BK: And Issue Two sounds batshit crazy too! Buckman versus Bin Laden!
TS: Because that’s probably as politically incorrect as one could get, and 2001 Maniacs is all about being non-PC. There has always been a decidedly satirical and political view in the world of Maniacs. I mean, Robert Englund’s character is called George W. Buckman for starters. So I think the idea of having these very “red state” characters go up against the terrorists would be a lot of fun. Maybe Buckman can do what Bush has failed to do, namely destroy Bin Laden. In fact, I think he already has, and that’s why our soldiers can’t locate him! And yes, the deaths will be quite nasty. Think Pig Roast and pork …. If the first Maniacs comic doesn’t reserve me a spot in hell, I am sure this comic will guarantee it!
BK: So what books did you grow up on then? Where you a child the EC reprints?
TS: It was all about the EC comic book reprints. Tales From the Crypt, Vault of Horror, Haunt of Fear, Shock Susspenstories; man, I had a paper route just to be able to afford the hard cover reprints. And I had them all. I would sit in my tree house and devour every word and every picture. I know that’s where I learned to be a filmmaker, because comics are truly like screenplays. You have your exposition, your dialogue balloons, and your art, which is basically a storyboard. Now, they are coming out yet again with EC reprints, but this time in colour. Man, I feel like a kid again. In fact, I just took a vacation to Idyllwild with Thomas Dekker (he’s the new John Connor in the upcoming Terminator TV series and will also be starring in my next film, Brothers of the Blood), and it turns out he’s an EC freak, so we just sat there on the balcony overlooking the woods, silent and intent as we each read our EC comics. I felt like a kid again. And in re-reading this stuff, I can so see the influence of EC on my work. Al Feldstein and Bill Gaines’ prose was so “noir” – so staccato and understated. And that is exactly how I write, especially the murder scenes! God bless EC!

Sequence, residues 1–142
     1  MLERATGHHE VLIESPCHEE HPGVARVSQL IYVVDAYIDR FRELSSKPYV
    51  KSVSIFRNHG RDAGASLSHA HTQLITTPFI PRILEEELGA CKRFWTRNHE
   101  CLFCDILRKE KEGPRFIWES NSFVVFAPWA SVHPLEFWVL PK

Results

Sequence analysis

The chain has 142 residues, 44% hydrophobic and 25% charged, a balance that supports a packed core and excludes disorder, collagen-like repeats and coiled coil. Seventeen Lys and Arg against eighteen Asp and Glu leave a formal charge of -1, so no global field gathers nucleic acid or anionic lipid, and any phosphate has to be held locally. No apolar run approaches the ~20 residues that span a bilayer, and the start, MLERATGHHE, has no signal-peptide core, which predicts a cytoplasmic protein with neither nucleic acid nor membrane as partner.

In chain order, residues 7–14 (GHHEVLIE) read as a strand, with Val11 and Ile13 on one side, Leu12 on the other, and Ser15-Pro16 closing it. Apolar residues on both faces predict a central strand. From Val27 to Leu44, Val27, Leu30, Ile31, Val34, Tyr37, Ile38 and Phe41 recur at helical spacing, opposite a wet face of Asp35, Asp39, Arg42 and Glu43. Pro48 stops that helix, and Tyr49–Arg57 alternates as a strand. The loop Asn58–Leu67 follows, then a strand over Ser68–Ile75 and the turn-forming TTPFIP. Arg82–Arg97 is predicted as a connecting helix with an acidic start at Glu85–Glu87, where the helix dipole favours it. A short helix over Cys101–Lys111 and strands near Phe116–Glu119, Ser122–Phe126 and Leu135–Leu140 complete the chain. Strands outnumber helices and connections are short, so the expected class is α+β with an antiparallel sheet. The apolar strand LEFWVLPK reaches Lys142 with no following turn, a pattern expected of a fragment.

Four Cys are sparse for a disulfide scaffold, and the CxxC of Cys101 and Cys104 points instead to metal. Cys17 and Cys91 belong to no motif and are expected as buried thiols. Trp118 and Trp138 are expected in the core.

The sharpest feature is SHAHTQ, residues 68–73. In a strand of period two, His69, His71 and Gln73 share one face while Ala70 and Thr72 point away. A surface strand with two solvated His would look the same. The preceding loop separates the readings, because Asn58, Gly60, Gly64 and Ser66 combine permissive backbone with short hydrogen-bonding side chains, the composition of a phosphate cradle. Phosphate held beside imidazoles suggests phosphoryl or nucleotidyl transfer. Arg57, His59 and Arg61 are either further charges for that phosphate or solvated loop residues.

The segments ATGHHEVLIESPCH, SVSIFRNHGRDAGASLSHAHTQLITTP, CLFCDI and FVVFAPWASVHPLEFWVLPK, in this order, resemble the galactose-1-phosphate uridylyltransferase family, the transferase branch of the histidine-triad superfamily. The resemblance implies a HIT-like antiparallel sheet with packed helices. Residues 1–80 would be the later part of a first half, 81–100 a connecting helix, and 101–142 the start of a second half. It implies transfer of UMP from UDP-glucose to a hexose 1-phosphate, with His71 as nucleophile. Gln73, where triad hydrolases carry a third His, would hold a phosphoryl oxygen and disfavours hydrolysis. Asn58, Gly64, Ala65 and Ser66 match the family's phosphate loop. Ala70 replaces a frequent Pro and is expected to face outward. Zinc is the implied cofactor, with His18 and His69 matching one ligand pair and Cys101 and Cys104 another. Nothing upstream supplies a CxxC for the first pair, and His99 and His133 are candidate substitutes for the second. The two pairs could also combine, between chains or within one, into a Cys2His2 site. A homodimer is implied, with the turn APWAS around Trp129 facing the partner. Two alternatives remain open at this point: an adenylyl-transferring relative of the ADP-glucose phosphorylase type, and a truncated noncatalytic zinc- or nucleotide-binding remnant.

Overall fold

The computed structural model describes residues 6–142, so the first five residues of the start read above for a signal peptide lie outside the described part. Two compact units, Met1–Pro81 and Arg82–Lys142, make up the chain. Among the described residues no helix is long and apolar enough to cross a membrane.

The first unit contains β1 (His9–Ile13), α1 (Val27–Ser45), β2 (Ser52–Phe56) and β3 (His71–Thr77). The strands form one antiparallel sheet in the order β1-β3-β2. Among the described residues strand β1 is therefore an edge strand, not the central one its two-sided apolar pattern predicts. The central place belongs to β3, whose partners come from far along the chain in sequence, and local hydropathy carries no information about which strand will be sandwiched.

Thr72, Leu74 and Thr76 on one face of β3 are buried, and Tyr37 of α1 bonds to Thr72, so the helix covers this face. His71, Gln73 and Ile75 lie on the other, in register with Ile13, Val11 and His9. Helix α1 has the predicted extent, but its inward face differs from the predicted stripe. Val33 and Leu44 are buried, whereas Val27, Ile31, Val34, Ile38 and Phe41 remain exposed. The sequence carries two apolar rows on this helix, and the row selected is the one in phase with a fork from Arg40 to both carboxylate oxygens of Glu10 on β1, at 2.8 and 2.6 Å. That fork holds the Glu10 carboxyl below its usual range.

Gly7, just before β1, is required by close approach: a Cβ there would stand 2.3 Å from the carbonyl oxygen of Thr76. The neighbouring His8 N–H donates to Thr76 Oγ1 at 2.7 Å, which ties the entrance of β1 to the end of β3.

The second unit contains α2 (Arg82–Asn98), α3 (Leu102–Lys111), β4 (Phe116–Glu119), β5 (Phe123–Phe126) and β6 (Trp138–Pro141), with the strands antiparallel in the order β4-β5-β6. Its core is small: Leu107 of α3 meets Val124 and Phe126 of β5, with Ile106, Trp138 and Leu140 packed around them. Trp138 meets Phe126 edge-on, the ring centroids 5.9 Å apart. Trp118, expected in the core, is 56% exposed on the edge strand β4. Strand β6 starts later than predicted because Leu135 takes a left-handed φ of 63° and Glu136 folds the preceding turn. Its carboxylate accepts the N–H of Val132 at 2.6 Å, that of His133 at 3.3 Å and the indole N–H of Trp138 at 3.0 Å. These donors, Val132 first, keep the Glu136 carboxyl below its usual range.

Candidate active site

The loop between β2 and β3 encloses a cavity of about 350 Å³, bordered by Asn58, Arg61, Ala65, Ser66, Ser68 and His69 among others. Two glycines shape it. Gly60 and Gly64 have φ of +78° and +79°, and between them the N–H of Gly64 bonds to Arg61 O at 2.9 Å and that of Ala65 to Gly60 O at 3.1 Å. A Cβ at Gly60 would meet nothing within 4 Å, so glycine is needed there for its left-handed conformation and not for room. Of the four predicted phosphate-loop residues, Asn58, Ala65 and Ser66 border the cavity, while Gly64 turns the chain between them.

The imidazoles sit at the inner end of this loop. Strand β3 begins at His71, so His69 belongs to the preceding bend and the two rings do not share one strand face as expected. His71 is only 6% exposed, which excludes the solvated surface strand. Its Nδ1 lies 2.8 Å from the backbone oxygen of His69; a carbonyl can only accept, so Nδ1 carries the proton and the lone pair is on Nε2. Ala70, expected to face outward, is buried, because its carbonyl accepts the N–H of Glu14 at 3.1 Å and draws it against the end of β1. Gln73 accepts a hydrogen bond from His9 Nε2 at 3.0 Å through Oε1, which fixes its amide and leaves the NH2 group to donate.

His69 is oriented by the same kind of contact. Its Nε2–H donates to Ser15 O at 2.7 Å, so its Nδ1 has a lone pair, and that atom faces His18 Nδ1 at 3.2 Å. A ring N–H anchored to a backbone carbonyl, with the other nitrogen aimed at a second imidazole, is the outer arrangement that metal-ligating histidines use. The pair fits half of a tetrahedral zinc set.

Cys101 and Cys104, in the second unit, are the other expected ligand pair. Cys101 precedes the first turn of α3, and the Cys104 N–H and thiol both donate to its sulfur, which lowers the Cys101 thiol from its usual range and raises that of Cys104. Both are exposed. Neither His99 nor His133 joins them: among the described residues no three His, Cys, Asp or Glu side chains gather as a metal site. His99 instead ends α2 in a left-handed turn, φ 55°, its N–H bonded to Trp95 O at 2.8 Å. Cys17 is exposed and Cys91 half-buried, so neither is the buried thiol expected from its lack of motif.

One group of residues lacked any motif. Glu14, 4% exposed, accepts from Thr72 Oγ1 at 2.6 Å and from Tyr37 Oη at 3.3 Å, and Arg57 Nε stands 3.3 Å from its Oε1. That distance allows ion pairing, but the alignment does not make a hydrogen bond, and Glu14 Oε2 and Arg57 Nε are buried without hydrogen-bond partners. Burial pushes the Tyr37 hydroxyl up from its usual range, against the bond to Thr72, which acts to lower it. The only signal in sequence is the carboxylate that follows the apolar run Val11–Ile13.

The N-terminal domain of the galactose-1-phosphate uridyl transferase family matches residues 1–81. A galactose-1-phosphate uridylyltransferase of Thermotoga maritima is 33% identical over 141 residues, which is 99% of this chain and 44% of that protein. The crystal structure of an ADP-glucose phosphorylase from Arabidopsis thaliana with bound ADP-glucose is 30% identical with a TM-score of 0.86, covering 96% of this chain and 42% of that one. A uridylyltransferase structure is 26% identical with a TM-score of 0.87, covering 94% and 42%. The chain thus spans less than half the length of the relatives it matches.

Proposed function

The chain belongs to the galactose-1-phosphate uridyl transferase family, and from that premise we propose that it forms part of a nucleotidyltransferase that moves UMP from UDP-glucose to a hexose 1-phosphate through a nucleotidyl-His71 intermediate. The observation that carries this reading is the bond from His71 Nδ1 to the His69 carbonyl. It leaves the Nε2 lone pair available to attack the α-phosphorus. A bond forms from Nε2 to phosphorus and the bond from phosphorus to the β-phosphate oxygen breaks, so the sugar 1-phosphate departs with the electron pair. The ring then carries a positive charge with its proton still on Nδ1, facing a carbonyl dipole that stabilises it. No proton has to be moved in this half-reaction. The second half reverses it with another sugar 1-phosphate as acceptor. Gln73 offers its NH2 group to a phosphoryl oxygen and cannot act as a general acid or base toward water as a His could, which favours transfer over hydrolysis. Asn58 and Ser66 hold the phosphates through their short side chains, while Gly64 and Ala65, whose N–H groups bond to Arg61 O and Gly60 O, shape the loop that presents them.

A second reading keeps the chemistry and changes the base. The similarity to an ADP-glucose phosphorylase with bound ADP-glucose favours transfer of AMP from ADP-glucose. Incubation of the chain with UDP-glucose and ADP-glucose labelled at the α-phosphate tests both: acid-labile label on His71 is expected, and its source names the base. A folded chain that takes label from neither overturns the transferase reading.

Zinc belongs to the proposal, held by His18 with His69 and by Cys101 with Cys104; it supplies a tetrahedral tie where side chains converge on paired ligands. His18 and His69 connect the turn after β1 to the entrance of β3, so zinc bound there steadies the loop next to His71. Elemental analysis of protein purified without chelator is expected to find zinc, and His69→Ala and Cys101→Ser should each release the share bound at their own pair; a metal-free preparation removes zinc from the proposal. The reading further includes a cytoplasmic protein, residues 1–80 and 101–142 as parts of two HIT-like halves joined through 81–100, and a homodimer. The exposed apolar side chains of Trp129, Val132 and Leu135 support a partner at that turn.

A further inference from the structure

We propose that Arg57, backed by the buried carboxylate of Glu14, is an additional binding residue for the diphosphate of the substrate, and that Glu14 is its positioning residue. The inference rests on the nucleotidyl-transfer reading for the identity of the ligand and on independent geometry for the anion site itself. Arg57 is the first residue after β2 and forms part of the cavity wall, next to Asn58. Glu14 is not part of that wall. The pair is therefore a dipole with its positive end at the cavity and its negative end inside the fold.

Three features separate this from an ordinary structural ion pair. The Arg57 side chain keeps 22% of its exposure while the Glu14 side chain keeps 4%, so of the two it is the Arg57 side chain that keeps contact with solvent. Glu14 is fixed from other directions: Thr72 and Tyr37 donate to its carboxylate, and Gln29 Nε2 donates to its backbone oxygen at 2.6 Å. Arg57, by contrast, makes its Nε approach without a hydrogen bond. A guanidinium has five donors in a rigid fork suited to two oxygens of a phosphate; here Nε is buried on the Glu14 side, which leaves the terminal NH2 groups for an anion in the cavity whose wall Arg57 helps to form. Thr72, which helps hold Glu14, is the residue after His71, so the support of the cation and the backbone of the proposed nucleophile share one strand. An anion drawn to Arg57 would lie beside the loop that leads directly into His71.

BK: As an indie filmmaker it must be quiet freeing in comics to just say “Fuck it!’ I’m blowing everything up!” or have some awesomely elaborate kills that would just cost way too much too shoot?
TS: You hit the nail on the head. It’s total freedom. Freedom of budget. Freedom of time restraints. Freedom of censorship. When writing the sequel to Maniacs, which is called Beverly Hellbillies, I was constantly thinking of how I was going to shoot everything, and how much time I would have and how many extras I could afford and how many different locations … It’s definitely a challenge, but I also think it really makes you work harder as a filmmaker and makes every decision you make more honest and calculated. It’s easy to have an unlimited budget and shooting schedule, but I think that often makes filmmakers lazy and the final product without soul. But yeah, it was really nice to just burn down Pleasant Valley and tons of outrageous kills that would cost a fortune to film.
TS: Raulo Casseras is a goddamn genius. No if’s, and’s or but’s. I owe our collaboration entirely to William Christensen. William discovered Raulo and gave him the opportunity to do his first American book- which I am honoured to say is Maniacs.
BK: Have you guys hooked up yet? He’s based in Spain, right?
TS: It is surreal to me, but not only have haven’t we hooked up, we have never even spoken! The way the book is created is that I write a page by page script which describes each page panel by panel. This includes the actual exposition that will be printed in the book, but it also includes my descriptions of each panel for Raulo to use as a basis for his drawings. It’s as if I am “directing” the book and Raulo is my “cinematographer” and “production designer” and “costumer” combined. I also would draw crappy little stick figure versions of each page which I would email to Raulo to give him an idea of the page layout. I also made sure he had tons of photographs of each actor and character from all kinds of angles, and of course, he was given a copy of the first film. The results have astounded and exceeded my expectations. It truly is nothing less than art. The likeness of the actors and their costumes is flawless down to the minute details. Thank you, Raulo, wherever you are!
Huge thanks to Tim Sullivan for taking the time to chat with us about the book! Keep your eyes out for the first 2001 Maniacs comic, which should be in better comic stores everywhere this month! Check out Avatar online here, and don’t forget to make friends with Tim Sullivan via the 2001 Maniacs MySpace page!